Considerable efforts to refine indicators for biological diversity had already been under way within the work on criteria and indicators for sustainable forest management carried out by the Intergovernmental Panel on Forests (IPF) and the Intergovernmental Forum on Forests (IFF), their successor the UNFF, and the various regional criteria and indicators processes (see e.g. Castañeda, 2000; Raison, Brown and Flinn, 2001). In preparation for the sixth meeting of the Conference of the Parties in April 2002, a number of experts contacted informally by the CBD Secretariat propose a breakdown of activities into national and international levels before prioritization; the experts propose that the following priorities should be incorporated into national biodiversity strategies and action plans and national forest programmes: land use changes; reducing forest fragmentation; impact of fires; impact of invasive alien species; restoration of forest ecosystems; management of protected areas; sustainable use; underlying causes of forest biodiversity loss; and capacity building.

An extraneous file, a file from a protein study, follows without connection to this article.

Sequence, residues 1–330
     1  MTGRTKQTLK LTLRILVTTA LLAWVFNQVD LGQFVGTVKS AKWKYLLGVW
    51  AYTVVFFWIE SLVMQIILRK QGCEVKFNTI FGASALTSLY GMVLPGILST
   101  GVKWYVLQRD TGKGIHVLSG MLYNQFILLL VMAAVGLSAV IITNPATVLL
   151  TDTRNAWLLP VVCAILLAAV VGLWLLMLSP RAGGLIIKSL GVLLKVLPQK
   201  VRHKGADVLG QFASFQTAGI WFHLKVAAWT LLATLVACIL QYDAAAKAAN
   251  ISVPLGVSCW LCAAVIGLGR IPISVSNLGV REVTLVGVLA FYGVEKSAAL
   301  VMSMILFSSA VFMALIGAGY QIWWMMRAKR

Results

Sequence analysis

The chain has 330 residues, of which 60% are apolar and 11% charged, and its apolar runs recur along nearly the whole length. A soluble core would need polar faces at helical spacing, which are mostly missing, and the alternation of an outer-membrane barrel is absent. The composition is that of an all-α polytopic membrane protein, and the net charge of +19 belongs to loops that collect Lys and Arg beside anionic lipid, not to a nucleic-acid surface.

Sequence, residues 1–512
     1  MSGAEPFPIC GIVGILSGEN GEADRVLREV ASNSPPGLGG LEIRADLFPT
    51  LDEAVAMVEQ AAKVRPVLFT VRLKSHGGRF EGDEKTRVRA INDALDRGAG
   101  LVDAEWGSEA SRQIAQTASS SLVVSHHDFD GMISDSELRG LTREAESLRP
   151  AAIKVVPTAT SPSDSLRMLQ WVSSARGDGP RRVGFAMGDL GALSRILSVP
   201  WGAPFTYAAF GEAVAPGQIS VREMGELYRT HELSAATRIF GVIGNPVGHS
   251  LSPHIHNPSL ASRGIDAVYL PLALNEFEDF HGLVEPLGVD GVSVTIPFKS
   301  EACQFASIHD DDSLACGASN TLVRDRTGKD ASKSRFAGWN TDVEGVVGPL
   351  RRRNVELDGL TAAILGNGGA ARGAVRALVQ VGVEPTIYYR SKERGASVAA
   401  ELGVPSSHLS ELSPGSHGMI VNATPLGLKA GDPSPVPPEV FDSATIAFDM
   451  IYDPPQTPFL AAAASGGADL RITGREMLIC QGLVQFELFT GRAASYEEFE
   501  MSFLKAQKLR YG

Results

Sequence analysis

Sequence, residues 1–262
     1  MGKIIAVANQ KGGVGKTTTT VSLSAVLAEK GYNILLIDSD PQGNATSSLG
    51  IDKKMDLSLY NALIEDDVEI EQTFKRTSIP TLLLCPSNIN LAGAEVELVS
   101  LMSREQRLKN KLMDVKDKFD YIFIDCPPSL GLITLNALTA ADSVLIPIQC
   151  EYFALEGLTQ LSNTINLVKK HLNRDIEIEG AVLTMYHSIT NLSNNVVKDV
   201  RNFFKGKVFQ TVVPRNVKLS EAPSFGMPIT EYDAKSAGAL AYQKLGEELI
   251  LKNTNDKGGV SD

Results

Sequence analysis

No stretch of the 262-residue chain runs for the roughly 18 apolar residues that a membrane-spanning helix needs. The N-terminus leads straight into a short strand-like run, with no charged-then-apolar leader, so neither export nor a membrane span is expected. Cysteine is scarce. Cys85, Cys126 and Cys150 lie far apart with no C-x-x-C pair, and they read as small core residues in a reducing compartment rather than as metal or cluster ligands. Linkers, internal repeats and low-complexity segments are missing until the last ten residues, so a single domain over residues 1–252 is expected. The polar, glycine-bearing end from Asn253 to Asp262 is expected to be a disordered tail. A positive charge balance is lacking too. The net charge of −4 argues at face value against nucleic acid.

Forest animal biodiversity

The rich animal life of forests has been relatively overlooked by mainstream forestry. Yet animal species are vital to forest ecosystems in a number of ways:

  • herbivory - grazing and browsing animals influence the structure of the vegetation and can influence its composition as well;
  • predation on potential animal pest species - predators large and small keep in check outbreaks of pest species;
  • pollination - bats, birds, butterflies, moths, bees and other insects pollinate forest plant species, including trees;
  • seed dispersal - dispersal of seeds by bats, birds and a range of animals is often crucial to the survival of plant species;
  • seed germination - the seeds of certain plant species need to pass through the digestive tract of a ruminant or bird before they can germinate;